ANNA DRESSED IN BLOOD
Publisher: Tor Teen
Release Date: July 3rd, 2012
Source: Hardcover from Publisher
Cas Lowood has inherited an unusual vocation: He kills the dead.
So did his father before him, until he was gruesomely murdered by a ghost he sought to kill. Now, armed with his father’s mysterious and deadly athame, Cas travels the country with his kitchen-witch mother and their spirit-sniffing cat. Together they follow legends and local lore, trying to keep up with the murderous dead—keeping pesky things like the future and friends at bay.
When they arrive in a new town in search of a ghost the locals call Anna Dressed in Blood, Cas doesn’t expect anything outside of the ordinary: track, hunt, kill. What he finds instead is a girl entangled in curses and rage, a ghost like he’s never faced before. She still wears the dress she wore on the day of her brutal murder in 1958: once white, now stained red and dripping with blood. Since her death, Anna has killed any and every person who has dared to step into the deserted Victorian she used to call home.
But she, for whatever reason, spares Cas’s life.
Cas kills the dead. That sentence pretty much somes up the reason why this book is awesome. Because well, how can a seventeen year old kill what’s already dead?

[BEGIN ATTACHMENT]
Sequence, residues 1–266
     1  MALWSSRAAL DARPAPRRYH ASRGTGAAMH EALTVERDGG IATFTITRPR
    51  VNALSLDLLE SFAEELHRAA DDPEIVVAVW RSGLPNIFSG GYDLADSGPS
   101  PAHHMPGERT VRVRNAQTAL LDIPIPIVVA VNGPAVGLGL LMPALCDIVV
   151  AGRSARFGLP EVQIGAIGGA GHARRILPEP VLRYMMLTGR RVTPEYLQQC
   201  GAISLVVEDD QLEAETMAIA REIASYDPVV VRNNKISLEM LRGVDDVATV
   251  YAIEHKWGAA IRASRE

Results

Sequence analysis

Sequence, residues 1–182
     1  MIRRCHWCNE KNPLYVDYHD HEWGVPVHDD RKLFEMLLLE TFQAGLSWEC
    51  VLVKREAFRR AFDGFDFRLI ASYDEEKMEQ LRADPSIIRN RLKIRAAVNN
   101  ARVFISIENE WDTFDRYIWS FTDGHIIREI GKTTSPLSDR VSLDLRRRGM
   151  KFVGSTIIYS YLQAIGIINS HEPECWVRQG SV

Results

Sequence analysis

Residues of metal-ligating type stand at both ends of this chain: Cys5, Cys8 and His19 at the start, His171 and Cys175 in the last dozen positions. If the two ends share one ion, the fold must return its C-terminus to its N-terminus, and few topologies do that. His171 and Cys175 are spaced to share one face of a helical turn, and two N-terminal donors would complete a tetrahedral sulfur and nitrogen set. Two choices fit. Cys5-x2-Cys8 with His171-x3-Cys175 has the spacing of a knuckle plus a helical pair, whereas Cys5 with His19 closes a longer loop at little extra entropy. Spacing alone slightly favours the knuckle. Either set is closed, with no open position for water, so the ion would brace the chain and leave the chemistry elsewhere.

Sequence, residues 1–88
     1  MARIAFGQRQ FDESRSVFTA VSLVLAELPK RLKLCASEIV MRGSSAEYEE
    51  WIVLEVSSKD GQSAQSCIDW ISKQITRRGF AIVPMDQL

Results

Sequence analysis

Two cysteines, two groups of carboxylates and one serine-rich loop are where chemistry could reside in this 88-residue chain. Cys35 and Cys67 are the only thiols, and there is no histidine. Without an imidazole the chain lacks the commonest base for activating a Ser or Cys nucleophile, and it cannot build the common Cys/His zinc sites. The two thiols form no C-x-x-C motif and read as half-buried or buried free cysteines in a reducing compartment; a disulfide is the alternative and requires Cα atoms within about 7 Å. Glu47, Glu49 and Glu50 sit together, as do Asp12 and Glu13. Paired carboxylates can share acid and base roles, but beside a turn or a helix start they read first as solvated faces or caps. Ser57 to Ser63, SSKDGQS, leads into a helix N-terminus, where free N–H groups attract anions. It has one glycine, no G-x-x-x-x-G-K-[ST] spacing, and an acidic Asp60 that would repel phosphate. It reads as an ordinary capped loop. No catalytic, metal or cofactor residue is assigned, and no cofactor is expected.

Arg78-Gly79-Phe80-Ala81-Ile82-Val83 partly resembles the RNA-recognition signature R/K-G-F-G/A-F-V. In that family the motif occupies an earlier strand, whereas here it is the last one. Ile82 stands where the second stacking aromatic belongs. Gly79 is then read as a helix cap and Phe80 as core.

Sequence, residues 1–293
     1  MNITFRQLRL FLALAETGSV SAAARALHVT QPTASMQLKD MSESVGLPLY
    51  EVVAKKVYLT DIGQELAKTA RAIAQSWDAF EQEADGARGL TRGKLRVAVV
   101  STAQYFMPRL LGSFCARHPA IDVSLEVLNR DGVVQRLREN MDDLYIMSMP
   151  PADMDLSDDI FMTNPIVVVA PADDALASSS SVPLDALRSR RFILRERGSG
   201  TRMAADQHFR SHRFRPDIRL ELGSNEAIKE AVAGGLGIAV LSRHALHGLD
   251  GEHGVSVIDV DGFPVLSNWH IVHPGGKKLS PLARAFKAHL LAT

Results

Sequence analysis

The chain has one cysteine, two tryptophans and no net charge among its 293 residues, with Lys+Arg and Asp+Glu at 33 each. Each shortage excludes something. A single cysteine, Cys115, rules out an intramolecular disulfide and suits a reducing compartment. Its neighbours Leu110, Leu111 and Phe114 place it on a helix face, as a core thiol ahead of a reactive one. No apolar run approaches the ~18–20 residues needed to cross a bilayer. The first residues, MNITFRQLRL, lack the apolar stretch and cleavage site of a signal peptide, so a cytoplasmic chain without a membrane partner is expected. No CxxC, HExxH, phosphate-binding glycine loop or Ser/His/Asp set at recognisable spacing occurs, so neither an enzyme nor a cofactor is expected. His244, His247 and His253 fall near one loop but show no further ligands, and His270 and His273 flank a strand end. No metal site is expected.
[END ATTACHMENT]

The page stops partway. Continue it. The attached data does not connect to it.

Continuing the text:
Ever since his father’s death, Cas has been hunting ghosts and putting them back where they belong with his father’s mysterious athame, which gives our main character some powers, as he likes to say. Anna Dressed in Blood is the latest tip he’s received. So he and his mom hit the road with their sights set on Thunder Bay way over in Canada, where Anna lives.
Things with Anna don’t go so easily. Anna’s a monster, a horrifying creature that kills more than Cas has ever heard. But she doesn’t kill him for some reason.
Anna Dressed in Blood was pretty much like nothing I’ve read before. I loved Cas, short for Theseus Cassio, from the very start. I have to say, he sort of reminded me a little of Cassel Sharp from Holly Black’s White Cat (and no, it is not because their names are similar).
Though I’m not a fan of the f-bomb being dropped in books, it was very subtle in Kendare Blake’s latest. It didn’t get in the way of my enjoyment of the story at all.
I thoroughly enjoyed Kendare Blake’s Anna Dressed in Blood. The characters were all fleshed out, the writing was very seventeen-year-old-boy typical, and the plot was fantastically unique. So if you’re snooping around for the perfect, creepy read, Anna Dressed in Blood may be just the right thing for you.